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Copper in health
 Properties 
Copper's properties
Copper has many useful properties. For example, it is:
(click on these to find out more)

Metal Conductivity
copper 640
silver 670
aluminium 410
mild steel 70
Table 1. Electrical conductivity. The values are a measure of how much current will flow in a standard sample when it is attached to 1 volt.

These have led to its use in a number of applications throughout history. Now, its most important property is it electrical conductivity.

Electrical conductivity
Copper has the best electrical conductivity of any metal, except silver. A good electrical conductivity is the same as a small electrical resistance.

Interactive photo of church steeple and lightning conductor
Picture 1 A lightning conductor carries the charge safely to ground.
Applications
Copper wires allow electric current to flow without much loss of energy. This is why copper wires are used in mains cables in houses and underground (although overhead cables tend be aluminium because it is less dense). However, where size rather than weight is important, copper is the best choice. Thick copper strip is used for lightning conductors on tall buildings like church spires. The cable has to be thick so that it can carry a large current without melting.

Copper wire can be wound into a coil. The coil will produce a magnetic field and, being made of copper, won't waste much electrical energy. Copper coils can be found in:

Device Uses
Electromagnets locks, scrapyard cranes, electric bells. (see electromagnets)
Motors pumps, domestic appliances (washing machines, dishwashers, fridges, vacuum cleaners), cars (starter motors, windscreen wipers, electric windows), computers (disc drives, fans), entertainment systems (walkman, video player, CD and DVD players). (see electric motors)
Dynamos bicycles, power stations.
Transformers mains adaptors, electricity substations, power stations.

You can find out more about the electrical uses of copper in:

Interactive graphic of ions and electrons
Picture 2. A copper wire is made of a lattice of copper ions. There are free electrons that move through this lattice like a gas.
How copper conducts
Copper is a metal. It is made up of copper atoms closely packed together.

If we could look closely enough, we would see that there are electrons moving about between the copper atoms. Each copper atom has lost one electron and become a positive ion. So copper is a lattice of positve copper ions with free electrons moving between them. (The electrons are a bit like the particles of a gas that is free to move within the edges of the wire).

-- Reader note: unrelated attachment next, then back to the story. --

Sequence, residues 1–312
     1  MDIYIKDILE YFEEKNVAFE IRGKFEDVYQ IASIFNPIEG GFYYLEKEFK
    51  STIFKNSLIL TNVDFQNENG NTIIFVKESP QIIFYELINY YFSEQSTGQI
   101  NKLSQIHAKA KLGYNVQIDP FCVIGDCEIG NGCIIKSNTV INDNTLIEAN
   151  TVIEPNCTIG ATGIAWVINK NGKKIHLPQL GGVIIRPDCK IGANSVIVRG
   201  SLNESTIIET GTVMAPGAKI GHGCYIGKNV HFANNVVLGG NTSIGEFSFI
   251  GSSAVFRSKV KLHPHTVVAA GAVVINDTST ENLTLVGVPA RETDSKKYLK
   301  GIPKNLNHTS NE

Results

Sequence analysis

The electrons can move freely through the metal. For this reason, they are known as free electrons. They are also known as conduction electrons, because they help copper to be a good conductor of heat and electricity.

The copper ions are vibrating. Notice that they vibrate around the same place whereas the electrons can move through the lattice. This is very important when we connect the wire to a battery.

Interactive graphic of electrical conduction
Interactive graphic of electrical conduction
Picture 3. When an electric current flows in a wire, the electrons move through the wire.
Conducting electricity
We can connect a copper wire to a battery (picture 3) and a switch. Normally, the free electrons move about randomly in the metal.

When we close the switch, an electric current flows. Now the free electrons flow through the wire (in picture 3, they are moving from left to right - although they still move randomly as well).

Electrons have a negative charge. They are attracted to the positive end of the battery. The free electrons move through the copper, flowing from the negative to positive terminal of the battery (note that they flow in the opposite direction to conventional current; this is because they have a negative charge).

The copper ions in the wire vibrate. Sometimes an ion blocks the path of a moving electron. The electron collides with the ion and bounces off it. This slows down the electron. Some of its energy has been transferred to the ion, which vibrates faster.

In this way, energy is transferred from the moving electrons to the copper ions. The copper gets hotter. This explains why:

  • metals have electrical resistance;
  • metals get hot when a current flows through them.

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Question 3
Most metals are conductors of electricity. However, apart from , copper is the best. Most cables are made of copper because it is . Metals conduct well because they have free . These are attracted to the terminal of a battery and move easily through the lattice of metal ions.